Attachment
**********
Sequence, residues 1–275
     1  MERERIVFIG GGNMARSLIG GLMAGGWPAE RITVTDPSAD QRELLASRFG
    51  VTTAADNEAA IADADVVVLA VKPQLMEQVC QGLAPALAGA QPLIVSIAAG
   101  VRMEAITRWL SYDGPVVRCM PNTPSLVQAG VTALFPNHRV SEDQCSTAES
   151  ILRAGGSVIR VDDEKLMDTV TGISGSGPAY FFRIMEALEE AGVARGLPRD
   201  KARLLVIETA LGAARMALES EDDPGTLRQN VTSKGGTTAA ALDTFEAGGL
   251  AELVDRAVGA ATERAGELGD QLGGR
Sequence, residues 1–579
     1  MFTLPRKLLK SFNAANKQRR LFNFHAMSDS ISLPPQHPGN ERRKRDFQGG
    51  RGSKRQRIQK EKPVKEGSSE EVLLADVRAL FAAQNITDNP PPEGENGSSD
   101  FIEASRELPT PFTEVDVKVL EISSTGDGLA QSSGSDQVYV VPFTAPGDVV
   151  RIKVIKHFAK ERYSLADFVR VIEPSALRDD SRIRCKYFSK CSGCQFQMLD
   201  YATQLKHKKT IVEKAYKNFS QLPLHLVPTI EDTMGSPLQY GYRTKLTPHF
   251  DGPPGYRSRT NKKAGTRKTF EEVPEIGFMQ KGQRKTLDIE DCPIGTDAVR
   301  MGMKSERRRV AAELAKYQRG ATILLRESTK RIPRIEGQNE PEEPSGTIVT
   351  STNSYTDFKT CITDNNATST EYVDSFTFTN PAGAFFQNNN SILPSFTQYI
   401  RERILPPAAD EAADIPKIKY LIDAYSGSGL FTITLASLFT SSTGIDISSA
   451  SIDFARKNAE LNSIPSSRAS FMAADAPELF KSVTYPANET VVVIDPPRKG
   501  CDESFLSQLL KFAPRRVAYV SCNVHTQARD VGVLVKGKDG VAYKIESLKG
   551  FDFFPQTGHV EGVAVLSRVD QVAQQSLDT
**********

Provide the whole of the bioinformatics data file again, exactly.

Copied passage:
Sequence, residues 1–275
     1  MERERIVFIG GGNMARSLIG GLMAGGWPAE RITVTDPSAD QRELLASRFG
    51  VTTAADNEAA IADADVVVLA VKPQLMEQVC QGLAPALAGA QPLIVSIAAG
   101  VRMEAITRWL SYDGPVVRCM PNTPSLVQAG VTALFPNHRV SEDQCSTAES
   151  ILRAGGSVIR VDDEKLMDTV TGISGSGPAY FFRIMEALEE AGVARGLPRD
   201  KARLLVIETA LGAARMALES EDDPGTLRQN VTSKGGTTAA ALDTFEAGGL
   251  AELVDRAVGA ATERAGELGD QLGGR
Sequence, residues 1–579
     1  MFTLPRKLLK SFNAANKQRR LFNFHAMSDS ISLPPQHPGN ERRKRDFQGG
    51  RGSKRQRIQK EKPVKEGSSE EVLLADVRAL FAAQNITDNP PPEGENGSSD
   101  FIEASRELPT PFTEVDVKVL EISSTGDGLA QSSGSDQVYV VPFTAPGDVV
   151  RIKVIKHFAK ERYSLADFVR VIEPSALRDD SRIRCKYFSK CSGCQFQMLD
   201  YATQLKHKKT IVEKAYKNFS QLPLHLVPTI EDTMGSPLQY GYRTKLTPHF
   251  DGPPGYRSRT NKKAGTRKTF EEVPEIGFMQ KGQRKTLDIE DCPIGTDAVR
   301  MGMKSERRRV AAELAKYQRG ATILLRESTK RIPRIEGQNE PEEPSGTIVT
   351  STNSYTDFKT CITDNNATST EYVDSFTFTN PAGAFFQNNN SILPSFTQYI
   401  RERILPPAAD EAADIPKIKY LIDAYSGSGL FTITLASLFT SSTGIDISSA
   451  SIDFARKNAE LNSIPSSRAS FMAADAPELF KSVTYPANET VVVIDPPRKG
   501  CDESFLSQLL KFAPRRVAYV SCNVHTQARD VGVLVKGKDG VAYKIESLKG
   551  FDFFPQTGHV EGVAVLSRVD QVAQQSLDT